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91 terms

Chap 2: Solar Energy, Seasons, and the Atmosphere

Chapter 2 of Elemental Geosystems (Christopherson), 4th edition
STUDY
PLAY
surpluses
The equatorial region experiences energy ________ (surpluses? deficits?)
deficits
The polar regions experience energy ________ (surpluses? deficits?)
the Milky Way Galaxy
A flattened, disk-shaped mass estimated to contain nearly 400 billion stars
gravity
The key organizing force in the condensing solar nebula (and creation of our Solar System)
planetesimal hypothesis
The concept that suns condense from nebular clouds and planetestimals form in orbits around their central masses.
light
what moves at about 6 trillion miles per year? (the speed of_______)
8 minutes, 20 seconds
Light from the Sun reaches Earth in an average of __minutes, __seconds
perihelion
Earth at its closest position to the Sun (occurs on January 3rd)
aphelion
Earth at its farthest position from the Sun (occurs on July 4th)
Sun
The ______ is the only object in the entire Solar System that produces thermonuclear energy.
fusion
Hydrogen atoms are joined in this process, which takes place within the Sun and results in the release of great amounts of energy.
solar wind
The Sun constantly emits ionized (electrically charged) particles that surge outward in all directions from the Sun's surface. This phenomenon is called:
sunspots
large magnetic storms on the Sun's surface
magnetosphere
A magnetic field surrounding the Earth, which deflects much of the solar wind so that only a small portion of it enters the atmosphere
auroras
Lighting effects that occur in the upper atmosphere when absorbed energy is rereadiated as light energy of varying colors.
aurora borealis
northern lights
aurora australis
southern lights
true
true / false: the Sun is way, way, way, way bigger than the Earth (see figure 2.2)
electromagnetic energy
The key solar input to life
electromagnetic spectrum
The whole spectrum of radiant energy is called the ________ _________
false
true / false: Everything on the electromagnetic spectrum is from solar radiation
wavelength
The distance between corresponding points on any two successive waves.
frequency
The number of waves passing a fixed point in one second (the speed of the waves)
50%
Approximately what percentage of the Sun's emitted radiant energy is composed of VISIBLE light wavelengths? (p.40)
true
true / false: Because hotter objects usually emit shorter wavelengths, the Sun emits shorter wavelengths than the Earth.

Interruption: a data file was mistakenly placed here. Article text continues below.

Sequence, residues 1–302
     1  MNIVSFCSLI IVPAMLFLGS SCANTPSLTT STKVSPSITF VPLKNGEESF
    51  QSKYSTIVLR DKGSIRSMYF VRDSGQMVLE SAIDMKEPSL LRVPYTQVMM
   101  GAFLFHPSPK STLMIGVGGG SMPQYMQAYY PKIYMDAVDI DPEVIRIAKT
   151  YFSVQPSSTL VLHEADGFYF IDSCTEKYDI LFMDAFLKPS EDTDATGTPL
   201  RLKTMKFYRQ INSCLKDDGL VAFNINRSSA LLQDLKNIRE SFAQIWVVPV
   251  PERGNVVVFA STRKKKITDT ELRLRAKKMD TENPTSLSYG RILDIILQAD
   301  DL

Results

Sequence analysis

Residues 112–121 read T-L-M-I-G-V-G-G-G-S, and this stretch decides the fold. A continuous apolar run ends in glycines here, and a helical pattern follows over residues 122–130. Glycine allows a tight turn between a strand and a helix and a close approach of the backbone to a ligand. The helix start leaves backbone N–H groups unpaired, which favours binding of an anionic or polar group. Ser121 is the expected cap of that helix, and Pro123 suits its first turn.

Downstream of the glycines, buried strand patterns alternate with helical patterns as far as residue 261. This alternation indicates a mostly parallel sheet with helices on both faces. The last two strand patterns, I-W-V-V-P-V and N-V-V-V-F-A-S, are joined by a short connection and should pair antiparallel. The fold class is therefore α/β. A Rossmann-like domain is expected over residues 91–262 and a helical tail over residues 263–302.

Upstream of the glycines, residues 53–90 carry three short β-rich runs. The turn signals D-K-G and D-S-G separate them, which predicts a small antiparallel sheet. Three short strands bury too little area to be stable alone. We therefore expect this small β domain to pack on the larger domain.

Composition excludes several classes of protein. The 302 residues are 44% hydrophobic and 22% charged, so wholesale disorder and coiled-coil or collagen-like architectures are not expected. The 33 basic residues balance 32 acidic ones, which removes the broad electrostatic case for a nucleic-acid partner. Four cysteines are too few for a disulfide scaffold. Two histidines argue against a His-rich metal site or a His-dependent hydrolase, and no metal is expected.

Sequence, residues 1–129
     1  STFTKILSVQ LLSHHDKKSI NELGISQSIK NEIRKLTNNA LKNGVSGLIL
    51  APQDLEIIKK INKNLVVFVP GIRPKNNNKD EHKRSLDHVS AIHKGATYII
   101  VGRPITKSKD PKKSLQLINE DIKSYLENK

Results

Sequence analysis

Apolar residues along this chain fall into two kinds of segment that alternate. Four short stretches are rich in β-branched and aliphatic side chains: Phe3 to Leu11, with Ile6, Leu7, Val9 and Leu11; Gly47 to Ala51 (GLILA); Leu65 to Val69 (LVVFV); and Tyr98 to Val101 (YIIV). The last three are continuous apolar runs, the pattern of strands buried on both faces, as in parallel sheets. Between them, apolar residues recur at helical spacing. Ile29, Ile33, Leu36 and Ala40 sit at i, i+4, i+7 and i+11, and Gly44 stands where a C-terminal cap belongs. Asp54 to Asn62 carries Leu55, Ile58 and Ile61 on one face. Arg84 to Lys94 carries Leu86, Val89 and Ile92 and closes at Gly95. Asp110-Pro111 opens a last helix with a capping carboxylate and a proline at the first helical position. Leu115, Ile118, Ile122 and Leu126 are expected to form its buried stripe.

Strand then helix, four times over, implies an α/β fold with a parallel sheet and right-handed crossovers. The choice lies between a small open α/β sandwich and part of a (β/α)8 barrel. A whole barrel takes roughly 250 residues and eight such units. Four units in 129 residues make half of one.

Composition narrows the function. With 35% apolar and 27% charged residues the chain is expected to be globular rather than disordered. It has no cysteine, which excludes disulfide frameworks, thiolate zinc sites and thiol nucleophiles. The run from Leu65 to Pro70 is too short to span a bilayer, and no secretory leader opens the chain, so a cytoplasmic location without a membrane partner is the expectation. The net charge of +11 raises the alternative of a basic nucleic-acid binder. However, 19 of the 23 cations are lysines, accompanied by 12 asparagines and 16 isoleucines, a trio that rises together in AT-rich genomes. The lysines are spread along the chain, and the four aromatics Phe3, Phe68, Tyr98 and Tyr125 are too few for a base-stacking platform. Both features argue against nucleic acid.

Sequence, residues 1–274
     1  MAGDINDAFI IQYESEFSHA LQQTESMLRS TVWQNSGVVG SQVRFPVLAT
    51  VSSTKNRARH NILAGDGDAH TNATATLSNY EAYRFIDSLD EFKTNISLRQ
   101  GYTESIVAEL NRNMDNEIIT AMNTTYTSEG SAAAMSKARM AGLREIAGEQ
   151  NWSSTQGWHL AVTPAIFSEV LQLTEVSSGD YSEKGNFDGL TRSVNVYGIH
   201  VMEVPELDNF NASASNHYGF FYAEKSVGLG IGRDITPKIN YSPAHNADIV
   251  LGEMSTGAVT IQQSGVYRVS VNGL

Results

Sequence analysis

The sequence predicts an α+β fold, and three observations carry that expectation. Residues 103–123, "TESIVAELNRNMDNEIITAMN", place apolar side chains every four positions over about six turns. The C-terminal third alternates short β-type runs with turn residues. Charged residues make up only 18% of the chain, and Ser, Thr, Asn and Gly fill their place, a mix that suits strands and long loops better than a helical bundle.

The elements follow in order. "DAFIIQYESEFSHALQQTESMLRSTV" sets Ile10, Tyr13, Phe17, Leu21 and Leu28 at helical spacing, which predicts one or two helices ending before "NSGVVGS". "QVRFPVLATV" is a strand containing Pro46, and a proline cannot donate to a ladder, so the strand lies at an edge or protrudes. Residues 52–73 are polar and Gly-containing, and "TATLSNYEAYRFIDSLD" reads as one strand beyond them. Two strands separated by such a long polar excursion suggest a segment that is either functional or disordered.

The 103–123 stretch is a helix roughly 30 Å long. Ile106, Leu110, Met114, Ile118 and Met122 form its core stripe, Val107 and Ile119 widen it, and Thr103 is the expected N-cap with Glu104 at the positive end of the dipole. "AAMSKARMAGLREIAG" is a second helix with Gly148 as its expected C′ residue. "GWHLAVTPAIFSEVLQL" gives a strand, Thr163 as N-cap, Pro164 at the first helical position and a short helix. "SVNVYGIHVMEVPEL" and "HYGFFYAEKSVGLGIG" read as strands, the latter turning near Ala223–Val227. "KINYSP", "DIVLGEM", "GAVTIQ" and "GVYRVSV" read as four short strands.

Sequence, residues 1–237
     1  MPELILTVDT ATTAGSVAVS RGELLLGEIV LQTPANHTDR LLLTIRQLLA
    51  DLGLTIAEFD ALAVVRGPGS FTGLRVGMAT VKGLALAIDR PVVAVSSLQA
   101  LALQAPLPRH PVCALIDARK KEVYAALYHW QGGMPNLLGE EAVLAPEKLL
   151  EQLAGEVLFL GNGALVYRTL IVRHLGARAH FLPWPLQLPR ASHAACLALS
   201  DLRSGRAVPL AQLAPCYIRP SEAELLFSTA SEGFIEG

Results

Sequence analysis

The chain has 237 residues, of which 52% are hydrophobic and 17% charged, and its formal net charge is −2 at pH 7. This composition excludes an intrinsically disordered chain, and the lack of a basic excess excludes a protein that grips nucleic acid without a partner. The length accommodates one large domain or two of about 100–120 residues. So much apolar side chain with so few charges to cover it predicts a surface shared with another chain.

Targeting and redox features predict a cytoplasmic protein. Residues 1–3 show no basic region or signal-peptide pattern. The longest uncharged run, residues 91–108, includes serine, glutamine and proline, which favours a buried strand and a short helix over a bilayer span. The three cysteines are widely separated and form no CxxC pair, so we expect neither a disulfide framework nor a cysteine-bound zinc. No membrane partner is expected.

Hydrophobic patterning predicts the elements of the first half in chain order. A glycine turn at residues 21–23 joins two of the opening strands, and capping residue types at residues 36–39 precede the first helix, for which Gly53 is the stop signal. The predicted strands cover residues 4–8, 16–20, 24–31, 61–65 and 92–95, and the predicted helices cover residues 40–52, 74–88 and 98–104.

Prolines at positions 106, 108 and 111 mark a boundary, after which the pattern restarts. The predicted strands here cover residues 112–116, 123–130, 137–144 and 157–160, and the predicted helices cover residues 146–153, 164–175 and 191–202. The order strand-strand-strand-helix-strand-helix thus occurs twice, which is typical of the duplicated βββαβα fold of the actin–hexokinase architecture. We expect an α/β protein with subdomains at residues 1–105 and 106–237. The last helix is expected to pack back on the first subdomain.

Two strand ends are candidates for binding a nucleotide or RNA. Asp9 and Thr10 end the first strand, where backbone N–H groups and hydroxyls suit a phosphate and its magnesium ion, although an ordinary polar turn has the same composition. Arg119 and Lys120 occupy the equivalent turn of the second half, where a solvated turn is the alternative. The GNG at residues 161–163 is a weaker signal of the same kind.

thermopause
the region at the top of the atmosphere (about 300 miles above Earth's surface)
insolation
Solar radiation that is actually intercepted by the Earth (which is only a tiny bit of the Sun's energy output). This term is a condensed way of saying "intercepted solar radiation."
solar constant
The average value of intercepted energy from the Sun (insolation) received at the thermopause (the top layer of Earth's atmosphere)
false
true / false: the global distribution of insolation (energy from the Sun intercepted by the Earth) is even.
subsolar point
The only point on Earth that receives insolation from directly overhead. (occurs between the two tropics, 23.5 degrees N and 23.5 degrees S).
true
true / false: All places away from the subsolar point receive insolation at an angle less than 90 degrees and thus experience more diffuse energy.
oblique
rays of the sun that are not direct rays are called _______ rays
seasonality
refers to both the seasonal variation of the Sun's position above the horizon and the changing daylengths during the year.
altitude
Seasonal variations are a response to changes in the Sun's _________, or the angle between the horizon and the Sun.
zenith
The Sun is at its _______ when it's altitude is 90 degrees (directly overhead)
declination
The Sun's _________ is the latitude of the subsolar point (which is always somewhere between the tropics)
the Tropic of Cancer
Which is north of the equator: the Tropic of Cancer or the Tropic of Capricorn?
latitude
daylength varies during the year depending on ___________.
equator
Along what line do people receive equal hours of day and night?
revolution
This refers to Earth's orbit around the Sun, NOT Earth turning on its axis.
rotation
This refers to Earth turning on its axis, NOT Earth's orbit around the Sun.
the length of the year
Does Earth's revolution determine the length of the year, or the length of a day?
24 hours
How long does it take Earth to complete one rotation?
rotation
rotation or revolution: What determines daylength, the deflection of wind and ocean currents, and the twice-daily rise and fall of the ocean tides (in relation to the gravitational pull of the Sun and Moon)?
counterclockwise
When viewed from the North Pole, Earth rotates ____________(what direction) around its axis.
eastward
When viewed at the equator, does the Earth move westward or eastward? (p.45).
circle of illumination
The dividing line between day and night. This circle intersects the equator, which is why daylength at the equator is evenly divided.
equinoxes
With the exception of the equator, all latitudes experience uneven daylength throughout the seasons, except for 2 days a year (March 21 or 22 and September 21 or 22), which are called the _________.
revolution
Is the plane of the ecliptic associated with revolution or rotation?
rotation
Is the plane of the equator associated with revolution or rotation?
axial tilt
The line of the equator essentially exists because of the Earth's ______ ______ (p.45)